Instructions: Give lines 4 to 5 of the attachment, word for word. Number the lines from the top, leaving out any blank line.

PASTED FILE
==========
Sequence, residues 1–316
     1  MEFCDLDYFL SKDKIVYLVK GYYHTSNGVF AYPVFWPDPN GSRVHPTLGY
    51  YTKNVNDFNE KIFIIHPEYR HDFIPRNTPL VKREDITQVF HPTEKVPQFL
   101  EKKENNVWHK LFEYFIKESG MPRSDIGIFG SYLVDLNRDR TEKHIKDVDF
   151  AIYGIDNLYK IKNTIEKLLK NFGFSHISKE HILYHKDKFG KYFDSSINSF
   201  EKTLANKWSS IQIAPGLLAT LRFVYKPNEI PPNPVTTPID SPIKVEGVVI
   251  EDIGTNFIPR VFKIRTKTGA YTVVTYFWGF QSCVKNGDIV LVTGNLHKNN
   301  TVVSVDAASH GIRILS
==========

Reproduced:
   101  EKKENNVWHK LFEYFIKESG MPRSDIGIFG SYLVDLNRDR TEKHIKDVDF
   151  AIYGIDNLYK IKNTIEKLLK NFGFSHISKE HILYHKDKFG KYFDSSINSF